For a complete list of requirements, visit the department’s website at


Appy Honored with Fire Safety Education Award

The Congressional Fire Services Institute (CFSI) and the International Fire Service Training Association at Fire Protection Publications, Oklahoma State University (IFSTA/FPP/OSU) recently announced a new sponsorship agreement for the Anne W. Phillips Award for Leadership in Fire Safety Education.  Established in 2007, the Phillips award is presented annually at the National Fire and Emergency Services Dinner for outstanding achievement in fire safety education.  As part of the announcement, the two organizations named Meri-K Appy as the recipient of the 2012 Award. 

Former president of the nonprofit Home Safety Council, Appy is widely regarded as the fire and emergency services’ leading advocate for public safety education.  She specializes in simplifying injury prevention and disaster preparedness messages, concepts and strategies for greatest impact, especially for audiences at highest risk.  Appy spearheaded the development and national delivery of three award-winning injury prevention programs including Risk Watch (NFPA), The Home Safety Literacy Project (Home Safety Council) and Start Safe: A Fire and Burn Safety Program for Preschoolers and Their Families (Home Safety Council). Now head of her own consulting company, Appy is working on a number of national fire safety initiatives, including Vision 20/20 and a new public education initiative with USFA:  “Fire is Everyone’s Fight.”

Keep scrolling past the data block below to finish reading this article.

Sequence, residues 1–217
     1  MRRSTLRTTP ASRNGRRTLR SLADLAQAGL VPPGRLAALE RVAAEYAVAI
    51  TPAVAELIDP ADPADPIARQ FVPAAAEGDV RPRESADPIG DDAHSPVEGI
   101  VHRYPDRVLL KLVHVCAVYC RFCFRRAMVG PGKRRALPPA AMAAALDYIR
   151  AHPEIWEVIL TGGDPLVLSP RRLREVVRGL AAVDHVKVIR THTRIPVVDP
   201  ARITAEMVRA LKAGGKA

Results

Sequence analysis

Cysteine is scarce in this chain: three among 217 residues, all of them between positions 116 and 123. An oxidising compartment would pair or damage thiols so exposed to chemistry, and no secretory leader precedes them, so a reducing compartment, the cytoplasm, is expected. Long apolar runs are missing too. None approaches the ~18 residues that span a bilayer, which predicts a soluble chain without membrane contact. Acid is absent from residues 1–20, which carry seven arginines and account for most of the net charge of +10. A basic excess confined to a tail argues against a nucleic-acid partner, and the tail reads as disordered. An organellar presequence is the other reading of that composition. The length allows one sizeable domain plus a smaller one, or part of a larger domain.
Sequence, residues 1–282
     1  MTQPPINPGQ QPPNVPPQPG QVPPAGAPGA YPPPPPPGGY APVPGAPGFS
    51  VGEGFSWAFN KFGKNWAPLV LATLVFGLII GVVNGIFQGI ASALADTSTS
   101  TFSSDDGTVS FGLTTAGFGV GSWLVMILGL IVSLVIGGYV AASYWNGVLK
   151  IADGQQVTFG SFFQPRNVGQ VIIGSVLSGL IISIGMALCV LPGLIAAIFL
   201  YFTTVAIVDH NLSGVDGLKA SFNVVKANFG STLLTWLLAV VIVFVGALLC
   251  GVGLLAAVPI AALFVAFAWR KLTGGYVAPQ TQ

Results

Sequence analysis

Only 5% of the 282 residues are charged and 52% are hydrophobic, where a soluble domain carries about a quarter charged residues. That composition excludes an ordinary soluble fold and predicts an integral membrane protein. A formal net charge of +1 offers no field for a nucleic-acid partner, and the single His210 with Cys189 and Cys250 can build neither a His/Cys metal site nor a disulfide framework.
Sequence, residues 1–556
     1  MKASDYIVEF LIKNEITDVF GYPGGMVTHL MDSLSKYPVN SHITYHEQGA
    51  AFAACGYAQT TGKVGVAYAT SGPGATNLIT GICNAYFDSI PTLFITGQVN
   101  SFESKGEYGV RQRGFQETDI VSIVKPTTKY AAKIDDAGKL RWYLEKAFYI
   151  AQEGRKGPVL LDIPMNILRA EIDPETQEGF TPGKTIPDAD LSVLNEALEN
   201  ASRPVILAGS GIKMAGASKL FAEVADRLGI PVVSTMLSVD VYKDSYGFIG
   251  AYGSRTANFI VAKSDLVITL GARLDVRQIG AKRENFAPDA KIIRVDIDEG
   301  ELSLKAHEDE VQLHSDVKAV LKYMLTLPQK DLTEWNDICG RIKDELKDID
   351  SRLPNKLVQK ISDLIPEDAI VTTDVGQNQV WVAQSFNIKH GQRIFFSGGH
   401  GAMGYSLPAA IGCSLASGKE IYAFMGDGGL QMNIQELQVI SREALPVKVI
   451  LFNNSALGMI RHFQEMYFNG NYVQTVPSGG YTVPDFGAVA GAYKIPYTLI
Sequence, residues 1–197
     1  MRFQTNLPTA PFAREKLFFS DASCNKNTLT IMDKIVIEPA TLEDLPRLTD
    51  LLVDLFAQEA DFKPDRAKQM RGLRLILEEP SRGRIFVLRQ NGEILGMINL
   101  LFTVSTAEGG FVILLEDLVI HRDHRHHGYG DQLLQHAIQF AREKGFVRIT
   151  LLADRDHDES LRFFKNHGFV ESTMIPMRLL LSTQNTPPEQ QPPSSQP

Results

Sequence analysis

Equipment Wanted

Bonanza High School’s Fire Science Academy, Las Vegas, NV, is looking for donations of equipment. Bonanza is the only high school career and technical education Fire Science program in Nevada, according to Christopher M. Batterman, Fire Science Academy Lead Instructor. The goal of the program is to certify the students in their Firefighter 1, CPR/AED, basic EMT as well as obtain college credit for the program. Students will understand laws, regulations and requirements needed within the fire science profession and will be introduced to first aid, CPR, AED and basic life safety techniques.  If you would like to make a donation, contact Batterman at


This Month in Fire History

June 2, 1983, Cincinnati, OH

Air Canada DC-9 in-flight fire kills 23


June 5, 1946, Chicago, IL

LaSalle Hotel fire kills 61


June 6, 1982, Falls Township, PA

K-Mart warehouse fire loss worth $190 million


June 8, 1917, Butte, MT

Metal mine fire kills 163


June 10, 1905, Squaw Mountain, ME

First forest fire lookout tower staffed


June 17, 1972, Boston, MA

Hotel Vendome fire kills 9 firefighters


June 19, 1977, Los Alamos, NM

Wildfire damages 15,000 acres


June 23, 1913

First NFPA Committee on Safety to Life is appointed


June 27, 1990, Santa Barbara County, CA

Forest fire loss worth $334 million


Courtesy of NFPA


For details on fires that occurred 100 years ago this month, turn to Paul Hashagen’s “Rekindles” on page XXX.